Moultrie replied with the word salad equivalent of We’re Working On It.
“Are there examples,” LaHood went on, “that you can give us where people have been held accountable by this misinformation or disinformation?” Moultrie (short answer): No.
“Well, I guess, what’s the deterrent from people engaging in this activity?” LaHood wondered.
Moultrie: “I don’t, I don’t know. I don’t have that answer.”
Rep. Raja Krishnamoorthi (D-IL) wanted to hear about data gathered by underwater sensors, and whether or not UAP encounters have “altered the development of, either our … offensive or defensive capabilities or even our sensor capabilities.” The guests tabled their answers for the classified setting afterwards.
Apparently unequipped with any meaningful historical perspective, the public faces of the Pentagon clung to the rigid scope of the not-quite-two-year-old UAPTF when grilled by Gallagher. Gallagher wanted to know, for the official record, about any additional Defense Department UFO research being conducted above and beyond the USAF’s Project Blue Book, which ended in 1969, and the AATIP initiative, which grew out of a $22 million earmark from Sen. Harry Reid in 2008.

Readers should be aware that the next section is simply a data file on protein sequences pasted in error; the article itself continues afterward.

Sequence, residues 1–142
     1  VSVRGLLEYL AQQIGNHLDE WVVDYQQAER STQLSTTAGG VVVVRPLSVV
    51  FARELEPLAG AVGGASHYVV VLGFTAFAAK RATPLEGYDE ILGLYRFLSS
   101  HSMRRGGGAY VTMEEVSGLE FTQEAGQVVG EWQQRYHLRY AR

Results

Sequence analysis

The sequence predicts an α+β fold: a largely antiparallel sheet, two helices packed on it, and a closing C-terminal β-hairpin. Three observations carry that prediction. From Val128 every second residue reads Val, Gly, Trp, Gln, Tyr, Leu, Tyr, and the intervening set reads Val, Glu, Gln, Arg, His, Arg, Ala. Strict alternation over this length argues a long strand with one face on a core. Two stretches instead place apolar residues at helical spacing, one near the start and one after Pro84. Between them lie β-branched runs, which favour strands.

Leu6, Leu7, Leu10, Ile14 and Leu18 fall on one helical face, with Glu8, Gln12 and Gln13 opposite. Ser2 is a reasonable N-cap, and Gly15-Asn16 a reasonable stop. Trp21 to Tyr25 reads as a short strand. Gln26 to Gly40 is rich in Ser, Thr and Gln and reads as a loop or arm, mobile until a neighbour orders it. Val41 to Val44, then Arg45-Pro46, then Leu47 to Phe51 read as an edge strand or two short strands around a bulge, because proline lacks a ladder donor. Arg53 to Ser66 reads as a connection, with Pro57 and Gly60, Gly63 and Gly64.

“I’m not aware of any contractual programs,” Moultrie responded, “that are focused on anything related to (UFOs) other than what we are doing in the Navy Task Force.” Ditto from Bray: “Same answer. I’m not aware of anything outside what we are doing in the UAP Task Force.”
Still, as informed as many committee members were, no one dared speak of the gorilla in the room. It’s been getting a pass since 1969, and is obviously content with letting the Navy take the heat for security holes in American airspace since the New York Times broke the AATIP story in 2017. Unfortunately, the question is so bloody obvious there’s no way to ask it delicately:
Where is the fucking United States Air Force?